With vegetables ascendant on restaurant menus and top-of-mind with more health-conscious consumers of all ages, this is a great time for quick-serve and fast-casual chains alike to take a long look at how they can capitalize on a growing trend. I’ll look forward to hearing your success stories at [email protected].


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Marc Halperin

A classically trained chef who earned his Grand Diplôme d’Études Culinaires at Paris’s prestigious Ecole de Cuisine La Varenne, COO Marc Halperin brings considerable gastronomic expertise and more than two decades of restaurant-consulting and teaching experience to the table. Prior to co-founding CCD, Halperin’s culinary tenure included stints in such celebrated kitchens as those of Taillevent and Maxim’s in Paris, Chez Panisse in Berkeley, California, and the Deer Valley Ski Resort in Park City, Utah, where he served as head pastry chef during the resort's inaugural season. Later, he was a chef instructor at Le Cordon Rouge cooking school in Sausalito, California, and at the California Culinary Academy.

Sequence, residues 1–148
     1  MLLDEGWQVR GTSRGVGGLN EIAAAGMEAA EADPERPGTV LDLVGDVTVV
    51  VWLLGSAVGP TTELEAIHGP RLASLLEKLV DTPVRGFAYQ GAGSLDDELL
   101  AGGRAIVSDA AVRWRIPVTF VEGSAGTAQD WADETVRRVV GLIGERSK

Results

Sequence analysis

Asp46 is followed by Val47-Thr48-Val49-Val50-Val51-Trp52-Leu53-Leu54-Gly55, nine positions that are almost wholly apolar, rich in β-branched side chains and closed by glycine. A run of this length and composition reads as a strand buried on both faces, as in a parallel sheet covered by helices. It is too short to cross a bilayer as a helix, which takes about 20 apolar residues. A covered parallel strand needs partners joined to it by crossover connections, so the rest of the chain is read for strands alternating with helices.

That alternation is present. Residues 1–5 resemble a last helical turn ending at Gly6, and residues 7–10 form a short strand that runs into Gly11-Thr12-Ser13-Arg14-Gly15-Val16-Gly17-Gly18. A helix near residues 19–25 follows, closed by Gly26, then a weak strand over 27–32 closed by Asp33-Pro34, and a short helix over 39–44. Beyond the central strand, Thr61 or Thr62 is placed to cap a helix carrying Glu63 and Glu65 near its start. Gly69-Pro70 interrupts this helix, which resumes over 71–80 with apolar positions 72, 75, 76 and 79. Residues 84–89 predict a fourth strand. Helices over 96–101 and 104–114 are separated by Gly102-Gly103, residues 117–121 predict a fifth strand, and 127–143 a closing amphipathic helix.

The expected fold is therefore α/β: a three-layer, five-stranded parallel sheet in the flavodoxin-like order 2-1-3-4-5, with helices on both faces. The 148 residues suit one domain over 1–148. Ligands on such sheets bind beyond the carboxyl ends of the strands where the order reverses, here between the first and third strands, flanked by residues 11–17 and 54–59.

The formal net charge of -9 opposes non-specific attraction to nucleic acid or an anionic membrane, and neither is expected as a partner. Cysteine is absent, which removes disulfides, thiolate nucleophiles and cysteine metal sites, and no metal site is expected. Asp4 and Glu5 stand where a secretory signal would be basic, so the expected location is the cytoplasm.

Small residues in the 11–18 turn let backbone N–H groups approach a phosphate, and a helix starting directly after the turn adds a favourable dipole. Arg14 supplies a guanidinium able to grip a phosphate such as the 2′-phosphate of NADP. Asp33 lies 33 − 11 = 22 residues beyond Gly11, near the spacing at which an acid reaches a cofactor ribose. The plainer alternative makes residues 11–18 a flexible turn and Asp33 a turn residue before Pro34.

Marc is a professional member of the Research Chefs Association and a member of the San Francisco Professional Food Society, and currently contributes each month to QSR Halperin holds a Bachelor’s degree in biology from Reed College in Portland, Oregon, and a Master’s in music performance from Boston University.